Skip to navigation.

In a rare move, the Supreme Court of Virginia withdrew its prior opinion in Jaynes v. Commonwealth, issued on February 29, 2008, and effectively reversed itself in a new opinion issued on September 12, 2008. The new opinion can be found here. In its new opinion, the Court found that Virginia’s anti-spamming law, Virginia Code section 18.2-152.3:1, was unconstitutional.

The Court’s original 4-3 majority opinion, discussed in our prior blog entry, affirmed the criminal conviction of Jeremy Jaynes, who sent over 50,000 unsolicited email to AOL subscribers. Jaynes was found guilty in a jury trial and sentenced to nine years of imprisonment for violating Virginia Code section 18.2-152.3:1. See our prior blog post:

The withdrawn opinion can be found at this link: here (link does not work)Virginia Supreme Court Overturns Virginia’s Anti-Spamming Law.

The Court issued its new opinion after granting a petition for rehearing pursuant to Rule 5:39 of the Rules of Supreme Court of Virginia. That Rule provides that: “No petition for rehearing shall be allowed unless one of the justices who decided the case adversely to the applicant is of opinion that there is good cause for such rehearing.”

The Court’s new opinion declared that section 18.2-152.3:1 was unconstitutionally overbroad because it violated the U.S. Constitution’s First Amendment protections. Section 18.2-152.3:1 provides that “Any person who: 1. Uses a computer or computer network with the intent to falsify or forge electronic mail transmission information or other routing information in any manner in connection with the transmission of unsolicited bulk electronic mail through or into the computer network of an electronic mail service provider or its subscribers . . . is guilty . . . .”

The Court first explained the constitutional test: a successful First Amendment overbreath challenge “suffices to invalidate all enforcement of that law upon showing that the law punishes a substantial amount of protected free speech, judged in relation to the statute’s plainly legitimate sweep.” Op. at 10 (internal quotes omitted).

The Court expressed its concern that the statute chilled the protected right of anonymous speech:

[B]ecause e-mail transmission protocol requires entry of an IP address and domain name for the sender, the only way such a speaker can publish an anonymous e-mail is to enter a false IP address or domain name. Therefore, . . . registered IP addresses and domain names discoverable through searchable data bases and registration documents necessarily result in a surrender of the speaker’s anonymity. The right to engage in anonymous speech, particularly anonymous political or religious speech, is an aspect of the freedom of speech protected by the First Amendment. By prohibiting false routing information in the dissemination of e-mails, Code [sec.] 18.2-152.3:1 infringes on that protected right.

Id. at 22 (internal quotations omitted). The Court also found that the statute was not narrowly drawn to further a compelling state interest. Id. at 23.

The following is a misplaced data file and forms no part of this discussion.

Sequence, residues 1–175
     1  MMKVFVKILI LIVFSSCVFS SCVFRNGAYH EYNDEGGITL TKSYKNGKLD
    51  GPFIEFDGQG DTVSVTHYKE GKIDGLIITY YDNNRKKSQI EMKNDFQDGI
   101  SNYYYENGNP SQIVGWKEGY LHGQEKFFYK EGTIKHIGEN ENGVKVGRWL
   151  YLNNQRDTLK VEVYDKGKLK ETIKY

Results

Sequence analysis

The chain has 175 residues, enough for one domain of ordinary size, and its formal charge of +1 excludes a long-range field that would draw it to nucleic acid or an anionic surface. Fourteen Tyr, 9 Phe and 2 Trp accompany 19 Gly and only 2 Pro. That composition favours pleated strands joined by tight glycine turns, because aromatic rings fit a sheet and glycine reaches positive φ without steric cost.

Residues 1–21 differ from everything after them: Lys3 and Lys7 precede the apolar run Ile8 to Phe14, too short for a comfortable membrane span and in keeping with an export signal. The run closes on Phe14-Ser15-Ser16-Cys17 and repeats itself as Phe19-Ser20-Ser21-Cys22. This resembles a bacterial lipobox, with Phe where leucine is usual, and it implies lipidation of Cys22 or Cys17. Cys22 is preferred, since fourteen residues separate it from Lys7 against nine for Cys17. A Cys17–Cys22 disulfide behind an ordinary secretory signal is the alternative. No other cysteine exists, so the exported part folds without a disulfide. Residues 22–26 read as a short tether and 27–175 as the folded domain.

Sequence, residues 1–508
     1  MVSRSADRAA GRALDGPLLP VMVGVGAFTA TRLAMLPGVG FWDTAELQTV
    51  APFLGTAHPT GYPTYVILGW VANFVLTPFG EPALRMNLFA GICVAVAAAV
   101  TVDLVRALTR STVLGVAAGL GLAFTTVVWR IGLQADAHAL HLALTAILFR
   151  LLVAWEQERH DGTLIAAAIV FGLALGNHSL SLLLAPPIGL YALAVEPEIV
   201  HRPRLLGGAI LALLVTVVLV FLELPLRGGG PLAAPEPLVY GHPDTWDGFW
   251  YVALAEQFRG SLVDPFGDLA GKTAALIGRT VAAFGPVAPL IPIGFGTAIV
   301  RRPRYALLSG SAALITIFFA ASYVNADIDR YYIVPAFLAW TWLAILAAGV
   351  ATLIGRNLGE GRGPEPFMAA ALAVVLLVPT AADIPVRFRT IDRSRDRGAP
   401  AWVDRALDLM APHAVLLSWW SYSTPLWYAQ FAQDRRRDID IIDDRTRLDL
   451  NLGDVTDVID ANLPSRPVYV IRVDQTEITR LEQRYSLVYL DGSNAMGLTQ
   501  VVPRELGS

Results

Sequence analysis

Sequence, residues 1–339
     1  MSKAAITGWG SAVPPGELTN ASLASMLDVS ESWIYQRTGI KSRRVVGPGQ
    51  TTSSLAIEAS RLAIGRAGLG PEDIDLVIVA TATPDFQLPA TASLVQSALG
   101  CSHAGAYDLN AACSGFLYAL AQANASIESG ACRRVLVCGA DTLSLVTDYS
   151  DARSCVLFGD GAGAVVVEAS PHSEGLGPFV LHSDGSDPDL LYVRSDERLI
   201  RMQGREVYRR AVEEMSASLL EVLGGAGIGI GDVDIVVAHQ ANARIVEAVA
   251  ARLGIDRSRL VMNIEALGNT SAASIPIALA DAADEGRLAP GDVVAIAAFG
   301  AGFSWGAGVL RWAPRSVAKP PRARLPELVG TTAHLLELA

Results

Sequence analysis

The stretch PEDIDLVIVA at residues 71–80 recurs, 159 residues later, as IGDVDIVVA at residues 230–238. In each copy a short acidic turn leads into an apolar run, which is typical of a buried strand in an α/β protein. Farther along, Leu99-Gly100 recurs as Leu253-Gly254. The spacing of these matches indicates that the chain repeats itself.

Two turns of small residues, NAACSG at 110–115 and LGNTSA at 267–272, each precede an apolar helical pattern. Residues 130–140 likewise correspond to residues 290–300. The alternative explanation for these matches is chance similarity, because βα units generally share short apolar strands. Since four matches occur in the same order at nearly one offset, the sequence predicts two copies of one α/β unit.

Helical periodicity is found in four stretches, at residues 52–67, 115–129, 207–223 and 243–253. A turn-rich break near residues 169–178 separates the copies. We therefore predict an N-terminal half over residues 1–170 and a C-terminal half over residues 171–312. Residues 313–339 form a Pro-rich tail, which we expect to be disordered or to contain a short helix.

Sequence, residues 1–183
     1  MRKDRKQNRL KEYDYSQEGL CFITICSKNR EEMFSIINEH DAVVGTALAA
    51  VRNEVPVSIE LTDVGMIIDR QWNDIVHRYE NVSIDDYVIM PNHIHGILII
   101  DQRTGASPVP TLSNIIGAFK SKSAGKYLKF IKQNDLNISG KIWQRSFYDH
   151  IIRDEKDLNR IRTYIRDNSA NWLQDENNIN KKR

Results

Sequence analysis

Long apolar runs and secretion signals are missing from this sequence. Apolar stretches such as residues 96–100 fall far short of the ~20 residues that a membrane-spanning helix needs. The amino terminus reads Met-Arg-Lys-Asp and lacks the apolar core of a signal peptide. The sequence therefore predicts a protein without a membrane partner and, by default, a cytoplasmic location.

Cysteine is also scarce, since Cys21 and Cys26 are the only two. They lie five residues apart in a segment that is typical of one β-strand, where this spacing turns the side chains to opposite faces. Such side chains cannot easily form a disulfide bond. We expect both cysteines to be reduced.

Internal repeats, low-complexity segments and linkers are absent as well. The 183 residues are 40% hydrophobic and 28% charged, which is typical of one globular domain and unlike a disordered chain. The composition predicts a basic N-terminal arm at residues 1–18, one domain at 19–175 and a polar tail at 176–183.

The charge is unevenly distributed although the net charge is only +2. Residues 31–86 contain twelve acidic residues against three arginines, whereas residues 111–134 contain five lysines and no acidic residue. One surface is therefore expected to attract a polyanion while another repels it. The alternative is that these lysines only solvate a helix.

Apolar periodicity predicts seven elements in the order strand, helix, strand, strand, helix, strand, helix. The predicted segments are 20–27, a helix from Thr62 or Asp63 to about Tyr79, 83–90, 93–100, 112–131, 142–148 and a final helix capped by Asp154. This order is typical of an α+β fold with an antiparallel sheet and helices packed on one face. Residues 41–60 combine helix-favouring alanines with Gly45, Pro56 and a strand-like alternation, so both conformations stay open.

The Justices seemed to suggest that the Virginia legislature could redraft the statute to avoid constitutional infirmity: Sec. 18.2-152.3:1 “is not limited to instances of commercial or fraudulent transmission of e-mail, nor is it restricted to transmission of illegal or otherwise unprotected speech such as pornography or defamation speech. Therefore, . . . 18.2-152.3:1 is not narrowly tailored to protect the compelling interests advanced by the Commonwealth.” Id. at 24.

Further, the statute “would prohibit all bulk e-mail containing anonymous political, religious, or other expressive speech. For example, were the Federalist Papers just being published today via e-mail, that transmission by Publius would violate the statute.” Id. at 26.

The Court’s concern about suppressing free speech tracked those expressed by the dissenting Justices to the Court’s original opinion. In her dissenting opinion, Justice Elizabeth Lacy wrote that the “current use of the Internet as the marketplace for expressing political ideas, views and positions emphasizes the need for insuring that use of this medium not be chilled by the threat of criminal prosecution. Those persons wishing to use this medium should have the same ability to express their views anonymously as did Thomas Paine during the founding of our country.” Jaynes v. Commonwealth, 275 Va. 341, 367-68 (2008).

The new opinion also addressed the Commonwealth of Virginia’s argument that 18.2-152.3:1 was in the “form of trespass and thus not entitled to First Amendment protection,” noting that section “does not prohibit the unauthorized use of privately owned e-mail servers.” Op. at 19. In this context, the Court drew a distinction between civil cases between private parties where “the courts have held that the unauthorized use of the Internet service providers’ property constituted common law trespass and that a First Amendment claim could not be raised against the owner of private property.” Id. at 20. Thus, this decision is not an open invitation to spammers or other types of businesses to engage in unfair business practices by wrongfully using another company’s servers or other computer equipment.